Deals

Chris Hughes is a Bloomberg Gadfly columnist covering deals. He previously worked for Reuters Breakingviews, as well as the Financial Times and the Independent newspaper.

The compensation for traveling with Pearson Plc on its meandering journey to being the company it wants to be was the dividend. It now looks like the rewards for hanging around for the educational publisher's reinvention are going to be much smaller.

Pearson's Pain
The shares are down more than 20 percent this year
Source: Bloomberg

Pearson needs to raise funds to strengthen its financial position amid a restructuring of its core education business in the U.S. That unit is feeling the pinch as learning habits shift online and high book prices force students to rent or buy second hand. Amazon.com Inc. is encroaching on the market, too.

So Pearson is selling nearly half of its 47 percent stake in Penguin Random House, the book publisher owned with Bertelsmann SE & Co KGaA, to its German partner for about $781 million.

Penguin will then borrow about $1.1 billion and pay dividends to Pearson and Bertelsmann in line with their shareholdings. The sale proceeds and payouts will leave Pearson with $1 billion in cash and a 25 percent stake in the publishing business.

The price isn't great -- just 6.7 times trailing Ebitda, at the lower end of market expectations, according to analysts at Liberum. That reflects that Bertelsmann is the only buyer.

Worse, the move cuts the profit stream Pearson gets from Penguin in half. Pearson will mitigate the impact on earnings per share by buying back stock to reduce its share count.

The snag is it is only deploying 300 million pounds ($387 million) for this purpose, while keeping back 480 million pounds to bolster the balance sheet. So the overall transaction will reduce earnings by almost 8 percent, all things being equal.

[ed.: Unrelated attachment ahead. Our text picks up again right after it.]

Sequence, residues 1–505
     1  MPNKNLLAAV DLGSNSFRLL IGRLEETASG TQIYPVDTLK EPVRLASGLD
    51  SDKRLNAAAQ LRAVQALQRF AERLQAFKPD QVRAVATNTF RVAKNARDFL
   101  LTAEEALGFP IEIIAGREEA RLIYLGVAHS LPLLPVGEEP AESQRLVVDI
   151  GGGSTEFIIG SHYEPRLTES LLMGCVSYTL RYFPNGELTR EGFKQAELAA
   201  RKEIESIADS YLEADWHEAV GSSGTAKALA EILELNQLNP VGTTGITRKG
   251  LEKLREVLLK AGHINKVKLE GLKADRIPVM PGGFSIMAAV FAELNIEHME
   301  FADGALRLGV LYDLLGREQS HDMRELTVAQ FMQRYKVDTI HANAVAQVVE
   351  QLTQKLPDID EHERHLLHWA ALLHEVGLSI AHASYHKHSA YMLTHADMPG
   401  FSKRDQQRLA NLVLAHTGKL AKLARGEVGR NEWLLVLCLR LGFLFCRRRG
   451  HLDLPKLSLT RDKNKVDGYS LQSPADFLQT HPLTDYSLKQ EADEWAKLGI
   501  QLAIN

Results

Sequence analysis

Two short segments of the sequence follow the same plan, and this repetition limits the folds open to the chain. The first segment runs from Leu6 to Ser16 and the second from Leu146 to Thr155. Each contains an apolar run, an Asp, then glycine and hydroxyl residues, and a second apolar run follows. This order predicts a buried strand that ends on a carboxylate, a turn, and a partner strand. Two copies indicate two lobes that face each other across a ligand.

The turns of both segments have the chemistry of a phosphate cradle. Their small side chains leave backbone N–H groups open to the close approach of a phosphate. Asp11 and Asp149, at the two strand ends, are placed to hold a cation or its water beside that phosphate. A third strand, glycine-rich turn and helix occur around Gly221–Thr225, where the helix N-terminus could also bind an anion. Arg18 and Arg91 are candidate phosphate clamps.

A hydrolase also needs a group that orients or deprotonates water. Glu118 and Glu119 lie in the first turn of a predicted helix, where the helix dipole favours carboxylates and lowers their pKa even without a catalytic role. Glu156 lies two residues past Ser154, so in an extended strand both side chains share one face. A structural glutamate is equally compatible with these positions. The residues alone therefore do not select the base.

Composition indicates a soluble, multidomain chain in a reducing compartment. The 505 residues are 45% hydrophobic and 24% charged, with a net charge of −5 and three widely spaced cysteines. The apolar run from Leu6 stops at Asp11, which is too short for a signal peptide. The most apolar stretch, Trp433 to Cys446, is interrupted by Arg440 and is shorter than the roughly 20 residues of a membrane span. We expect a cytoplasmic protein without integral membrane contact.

Rising Yield
Pearson's dividend yield has soared over the past five years
Source: Bloomberg

In turn, Pearson is signalling that dividend will be sharply lower. Extrapolating from the policy articulated, this would be in the mid- to high-teens pence, implying a 2 percent dividend yield, Liberum notes. Prior to January's profit warning, the stock yielded about 6 percent.

Pearson could have sold the whole of its stake, or kept it and pushed for a bigger capital return. The halfway house is designed to deliver as much financial strength as possible while minimizing dilution. It has struggled to square the circle.

The vision for Pearson is of a publishing company at the forefront of digital education that is simpler and not in permanent restructuring. With earnings and dividends shrinking, there's not much short-term reward for buying into that.

This column does not necessarily reflect the opinion of Bloomberg LP and its owners.

To contact the author of this story:
Chris Hughes in London at chughes89@bloomberg.net

To contact the editor responsible for this story:
Edward Evans at eevans3@bloomberg.net